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Introduction to the Active Directory Schema

In Active Directory the schema contains definitions for the universe of objects that can be stored in the directory, and it enforces the rules that govern both the structure and the content of the directory. The schema consists of a set of classes, attributes, and syntaxes that represent an instance of one or more classes in the schema. A class is a category of objects that share a set of common characteristics. It is a formal description of a discrete, identifiable type of object that can be stored in the directory. Each object in the directory is an instance of one or more classes in the schema. An attribute describes the characteristics of some aspect of an object. Attributes define the types of information that an object can hold. For each class, the schema specifies the mandatory attributes and optional attributes that constitute the set of shared characteristics of the class. The values assigned to attributes define specific characteristics. A syntax is the data type of a particular attribute. Syntaxes determine what data type an attribute can have. Active Directory uses a set of standard syntaxes. The predefined syntaxes do not actually appear in the directory, and you cannot add new syntaxes. An everyday example of an object is a vehicle, which can belong to the class of trucks, the class of motorcycles, or the class of cars, and so forth. A car can be described by its make, model, and color. These are some of the attributes of the car. In the example of the car, the possible values for the color of the car might be red, blue, or gray. The syntax for color might be the nomenclature (such as 2B1R2Y) that denotes specific combinations of primary colors that comprise what one sees as the colors of automotive paints.

The schema specifies the relationships between classes of objects. Each object stored in the directory is an instance of one or more classes in the schema. User , Computer , and printQueue are examples of classes in Active Directory. For example, if the schema contains a class called User , the user accounts, Sue and Mary, are two objects in the directory that are instances of the class User . The object Mary might contain an optional attribute defined for this class called phoneNumber . This attribute for the object Mary of the class User might have the value 555-0100.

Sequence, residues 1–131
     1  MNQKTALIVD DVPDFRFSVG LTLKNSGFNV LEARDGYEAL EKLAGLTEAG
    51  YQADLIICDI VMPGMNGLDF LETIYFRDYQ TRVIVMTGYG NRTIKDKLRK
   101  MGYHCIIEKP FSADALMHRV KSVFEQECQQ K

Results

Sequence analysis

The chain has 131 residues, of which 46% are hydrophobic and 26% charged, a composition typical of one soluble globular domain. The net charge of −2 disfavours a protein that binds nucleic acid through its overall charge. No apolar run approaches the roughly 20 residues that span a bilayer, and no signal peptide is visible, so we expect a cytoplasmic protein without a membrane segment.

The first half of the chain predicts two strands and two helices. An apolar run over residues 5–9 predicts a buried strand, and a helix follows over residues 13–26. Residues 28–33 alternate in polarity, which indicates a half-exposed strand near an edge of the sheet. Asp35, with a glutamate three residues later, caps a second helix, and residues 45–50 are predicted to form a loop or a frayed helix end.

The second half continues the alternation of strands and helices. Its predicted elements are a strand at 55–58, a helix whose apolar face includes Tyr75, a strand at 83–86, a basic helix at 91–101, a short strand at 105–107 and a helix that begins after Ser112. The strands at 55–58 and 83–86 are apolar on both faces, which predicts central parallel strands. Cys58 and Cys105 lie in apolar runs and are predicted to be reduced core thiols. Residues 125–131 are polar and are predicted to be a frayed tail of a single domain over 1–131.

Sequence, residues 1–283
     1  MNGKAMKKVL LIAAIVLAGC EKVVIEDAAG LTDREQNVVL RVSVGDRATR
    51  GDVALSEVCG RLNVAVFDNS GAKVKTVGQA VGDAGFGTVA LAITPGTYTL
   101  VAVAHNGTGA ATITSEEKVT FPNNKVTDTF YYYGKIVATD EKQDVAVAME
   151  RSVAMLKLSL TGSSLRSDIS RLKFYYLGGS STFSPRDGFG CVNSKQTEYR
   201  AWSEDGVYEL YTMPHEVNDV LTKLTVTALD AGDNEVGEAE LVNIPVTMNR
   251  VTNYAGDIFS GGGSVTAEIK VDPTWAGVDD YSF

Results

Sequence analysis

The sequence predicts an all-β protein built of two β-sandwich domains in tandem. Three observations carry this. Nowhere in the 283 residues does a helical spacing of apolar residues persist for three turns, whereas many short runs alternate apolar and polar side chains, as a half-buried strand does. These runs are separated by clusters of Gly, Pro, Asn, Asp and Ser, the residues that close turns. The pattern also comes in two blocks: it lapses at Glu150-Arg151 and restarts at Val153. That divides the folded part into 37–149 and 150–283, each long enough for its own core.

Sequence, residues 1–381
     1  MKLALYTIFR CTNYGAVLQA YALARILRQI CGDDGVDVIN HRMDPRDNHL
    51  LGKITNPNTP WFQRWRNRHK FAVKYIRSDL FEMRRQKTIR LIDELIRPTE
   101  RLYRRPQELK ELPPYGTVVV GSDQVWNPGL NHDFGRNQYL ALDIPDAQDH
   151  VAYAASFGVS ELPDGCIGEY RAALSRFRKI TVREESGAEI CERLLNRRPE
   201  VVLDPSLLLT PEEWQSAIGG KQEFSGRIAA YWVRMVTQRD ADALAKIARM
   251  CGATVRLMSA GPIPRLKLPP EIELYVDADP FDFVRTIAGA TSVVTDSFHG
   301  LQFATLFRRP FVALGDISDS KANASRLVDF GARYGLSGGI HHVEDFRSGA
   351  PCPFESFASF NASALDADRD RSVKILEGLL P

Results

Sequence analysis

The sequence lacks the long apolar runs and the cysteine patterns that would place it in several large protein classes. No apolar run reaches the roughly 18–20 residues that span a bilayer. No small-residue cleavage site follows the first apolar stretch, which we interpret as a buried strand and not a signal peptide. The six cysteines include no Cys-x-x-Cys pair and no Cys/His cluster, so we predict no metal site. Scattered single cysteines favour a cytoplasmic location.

For example, the attribute phoneNumber can be defined to take values of the syntax String(numeric), which means that the value can contain only the digits 0 through 9.

The base schema that ships in Microsoft Windows 2000 contains all of the class and attribute definitions that are used by Windows 2000 and Windows 2000 components.

The schema itself is represented in Active Directory by a set of objects known as "schema objects." For each class in the schema, there is a schema object that defines the class. This object is called a classSchema object. For each attribute in the schema, there is also a schema object that defines the attribute. This object is called an attributeSchema object. Therefore, every class is actually an instance of the classSchema class, and every attribute is an instance of the attributeSchema class. Storing the schema in the directory has many advantages. One example is that when user applications locate the schema in the directory, they can read the schema to discover what types of objects and properties are available.

Administrators and applications can extend the schema by adding new attributes and classes or by modifying existing ones. Schema definitions are required by applications that need to create or modify objects in Active Directory. Applications that are "directory-enabled" are programmed to recognize the attributes and syntaxes that are required to interact with the directory.

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